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Only Rights Can Stop the Wrongs

By: Gyanu Gurung, Programme Officer, Asia Pacific Network of Sex Workers (APNSW)

After a 4 year hiatus, Cambodia was once again scheduled for a review process as part of the Convention on the Elimination of all Forms of Discrimination Against Women (CEDAW). Parallel to the official report there is also an opportunity to present a so-called shadow report, an alternative report developed by any civil society group or individual to address issues, situations and problems of excluded and marginalised people that are not addressed by the state review report. In the shadow report, NGOs elaborate issues not raised by their governments or issues that have not been correctly represented. Shadow reporting is an important tool and voice for NGOs supporting women’s human rights, including but not limited to sex workers. The Asia Pacific Network of Sex Workers (APNSW) seized the opportunity to support and take the voices of sex workers to the global CEDAW level.

Between 8 and 10 May, a 3-day CEDAW Shadow Report Training was organised in Phnom Penh, Cambodia hosted by APSNW. Fifteen sex worker’s participants from different provinces participated. The objectives? Firstly, To build the conceptual understanding of CEDAW in order to strengthen the meaningful participation of sex worker rights advocates in the CEDAW review process. Secondly, no less than to produce a national CEDAW advocacy action plan!

Women Network for Unity Team
Women Network for Unity Team

On the first day of the training, the majority of participants had only heard of the term CEDAW but had never had a formal meeting or training on it. Most of them were not even aware that the state had ratified CEDAW to ensure the rights of women. Despite this, still, Cambodian sex workers continue to face violence and sexual harassment from the police, clients and society. Police arrests because of carrying condoms while clients prefer the women not to.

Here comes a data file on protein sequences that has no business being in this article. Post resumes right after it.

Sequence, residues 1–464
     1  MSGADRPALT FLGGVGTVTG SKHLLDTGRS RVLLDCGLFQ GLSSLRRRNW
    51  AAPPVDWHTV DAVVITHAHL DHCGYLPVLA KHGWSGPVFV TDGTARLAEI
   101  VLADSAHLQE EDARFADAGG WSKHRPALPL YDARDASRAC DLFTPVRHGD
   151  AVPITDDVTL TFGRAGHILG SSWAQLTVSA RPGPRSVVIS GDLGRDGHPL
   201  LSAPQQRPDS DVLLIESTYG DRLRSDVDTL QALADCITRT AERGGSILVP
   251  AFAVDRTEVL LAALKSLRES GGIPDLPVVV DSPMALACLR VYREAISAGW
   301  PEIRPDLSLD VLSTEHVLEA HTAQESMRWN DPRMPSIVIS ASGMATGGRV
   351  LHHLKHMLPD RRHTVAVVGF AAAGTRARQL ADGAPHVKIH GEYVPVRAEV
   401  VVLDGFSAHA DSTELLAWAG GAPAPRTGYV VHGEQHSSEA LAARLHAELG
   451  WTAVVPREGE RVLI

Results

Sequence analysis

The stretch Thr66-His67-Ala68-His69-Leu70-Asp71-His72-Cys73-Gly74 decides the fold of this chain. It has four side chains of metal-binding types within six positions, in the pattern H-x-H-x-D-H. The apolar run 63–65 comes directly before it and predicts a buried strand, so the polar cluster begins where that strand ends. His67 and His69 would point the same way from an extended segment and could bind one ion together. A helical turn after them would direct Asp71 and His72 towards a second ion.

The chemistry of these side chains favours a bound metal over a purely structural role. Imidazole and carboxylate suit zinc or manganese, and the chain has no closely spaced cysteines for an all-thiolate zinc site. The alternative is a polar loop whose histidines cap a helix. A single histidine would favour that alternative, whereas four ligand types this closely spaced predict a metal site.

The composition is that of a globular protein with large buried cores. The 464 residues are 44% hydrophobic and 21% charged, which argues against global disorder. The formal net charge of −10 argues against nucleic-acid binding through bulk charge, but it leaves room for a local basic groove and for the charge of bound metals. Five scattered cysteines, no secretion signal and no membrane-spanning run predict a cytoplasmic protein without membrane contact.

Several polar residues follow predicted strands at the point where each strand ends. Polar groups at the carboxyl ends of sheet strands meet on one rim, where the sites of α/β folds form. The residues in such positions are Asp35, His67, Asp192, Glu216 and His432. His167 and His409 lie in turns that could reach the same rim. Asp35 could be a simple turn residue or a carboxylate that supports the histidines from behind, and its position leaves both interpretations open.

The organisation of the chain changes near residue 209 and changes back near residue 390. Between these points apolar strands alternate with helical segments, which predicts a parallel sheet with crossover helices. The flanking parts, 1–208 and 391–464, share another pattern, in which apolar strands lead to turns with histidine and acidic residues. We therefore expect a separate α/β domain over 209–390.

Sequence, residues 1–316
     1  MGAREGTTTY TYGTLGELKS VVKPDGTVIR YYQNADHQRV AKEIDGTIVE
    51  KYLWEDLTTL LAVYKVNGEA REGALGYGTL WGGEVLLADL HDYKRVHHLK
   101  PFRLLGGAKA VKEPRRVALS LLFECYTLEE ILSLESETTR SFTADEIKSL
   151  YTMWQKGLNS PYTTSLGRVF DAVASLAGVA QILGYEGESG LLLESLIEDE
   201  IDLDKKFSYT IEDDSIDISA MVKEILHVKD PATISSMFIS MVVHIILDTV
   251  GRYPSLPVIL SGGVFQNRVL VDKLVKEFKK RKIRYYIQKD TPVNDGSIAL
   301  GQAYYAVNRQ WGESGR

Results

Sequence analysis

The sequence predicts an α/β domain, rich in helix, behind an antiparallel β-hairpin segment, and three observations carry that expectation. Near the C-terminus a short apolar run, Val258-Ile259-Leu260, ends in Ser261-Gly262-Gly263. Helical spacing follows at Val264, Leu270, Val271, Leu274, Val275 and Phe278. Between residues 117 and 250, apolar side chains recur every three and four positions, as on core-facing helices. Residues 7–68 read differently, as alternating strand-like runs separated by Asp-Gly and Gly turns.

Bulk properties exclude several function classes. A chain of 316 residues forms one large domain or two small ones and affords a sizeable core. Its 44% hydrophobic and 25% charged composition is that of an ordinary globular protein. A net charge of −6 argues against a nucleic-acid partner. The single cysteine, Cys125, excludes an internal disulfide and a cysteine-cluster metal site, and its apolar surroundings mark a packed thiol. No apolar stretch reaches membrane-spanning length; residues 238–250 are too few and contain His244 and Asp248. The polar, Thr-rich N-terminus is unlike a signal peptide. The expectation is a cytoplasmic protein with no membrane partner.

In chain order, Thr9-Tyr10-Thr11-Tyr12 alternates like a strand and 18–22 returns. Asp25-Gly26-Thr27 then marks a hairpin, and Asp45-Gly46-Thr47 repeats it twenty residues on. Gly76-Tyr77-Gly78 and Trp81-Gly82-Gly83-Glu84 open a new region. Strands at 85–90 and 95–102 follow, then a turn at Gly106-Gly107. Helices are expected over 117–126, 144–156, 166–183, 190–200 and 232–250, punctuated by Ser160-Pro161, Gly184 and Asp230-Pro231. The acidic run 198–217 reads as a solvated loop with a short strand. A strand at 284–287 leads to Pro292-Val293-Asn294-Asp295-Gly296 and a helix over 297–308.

One of the participants shared that, ‘If the police arrest us, we don’t have access to meet anyone from outside and we have no change of clothes. If we want to take a bath, we have to do it naked, outside.’ Similarly, the stigma of society is still there. The women cannot share what they do with their families. They face discrimination from health service providers if their profession is known. And their children face humiliation from others while some of the children have no access to school.

The training focused on identifying allies on sex workers rights and CEDAW, developing recommendations and issues to be addressed in the shadow report. Four key issues were prioritised:

Firstly, the participants clarified the difference between human trafficking and consensual adult sex work. One of the participants shared that, “There is a difference between selling somebody and selling services. Selling people refers to human trafficking where as consensual sex work is like selling services.” This simply means that under the anti-trafficking laws; sex worker’s rights are violated.

Secondly, most sex workers work in the entertainment industry. They face sexual harassment from clients and labour exploitation from their managers. They have to wear a uniform, high heels and drink alcohol every day because of the clients. If any client breaks a glass or something, the manager deducts the loss from their salary. If a sex worker spends the whole night with a client, they have limited time to work for the manager and have to pay a 5$ fine. The team recommended that the Ministry of Labour monitors the implementation of entertainment and labour laws.

Self-reflection during the session
Self-reflection during the session

Thirdly, most of the violence sex workers face is from police whose duty it is to protect them. Similarly, sex workers are often neglected and discriminated by the community during social functions and occasions. They get discriminated when pursuing an education and employment and their children are also humiliated by society. One of the participants shared that, ‘Society discriminates us because of our profession but people will still come to us to have their needs satisfied, we never go to them.’ The participants recommended that the Ministry of Women Affairs takes up measures to stop harassment and exploitation from the police (police need to be trained on sex worker issues), society, and provide them with access to justice and rehabilitation in the community and ensure no discrimination of sex workers’ children.

Fourthly, most of the sex workers face discrimination from health service providers who know about their work and their HIV status. They recommended sex workers getting quality service without discrimination, expanding sexual and reproductive health services and mechanisms to monitor the effectiveness of health care services.

Last but not least, they urged the state and society to recognise sex work as decent work and the freedom to chose sex work as work. One of the participants shared, ‘Sex work is my choice, I enjoy my profession. I don’t want to do any other work.’ The state is responsible to ensure my rights don’t turn into wrongs. “Sex workers’ rights are human rights. Only rights can stop the wrongs.”


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